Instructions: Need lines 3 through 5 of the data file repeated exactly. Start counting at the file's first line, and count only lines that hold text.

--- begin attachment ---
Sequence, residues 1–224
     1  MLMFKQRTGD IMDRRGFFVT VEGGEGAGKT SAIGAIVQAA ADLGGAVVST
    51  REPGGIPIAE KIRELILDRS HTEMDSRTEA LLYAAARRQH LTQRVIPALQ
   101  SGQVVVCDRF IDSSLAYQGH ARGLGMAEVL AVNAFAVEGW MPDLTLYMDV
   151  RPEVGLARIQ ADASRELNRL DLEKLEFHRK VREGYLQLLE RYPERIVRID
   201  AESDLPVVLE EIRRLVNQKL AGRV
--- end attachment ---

    51  REPGGIPIAE KIRELILDRS HTEMDSRTEA LLYAAARRQH LTQRVIPALQ
   101  SGQVVVCDRF IDSSLAYQGH ARGLGMAEVL AVNAFAVEGW MPDLTLYMDV
   151  RPEVGLARIQ ADASRELNRL DLEKLEFHRK VREGYLQLLE RYPERIVRID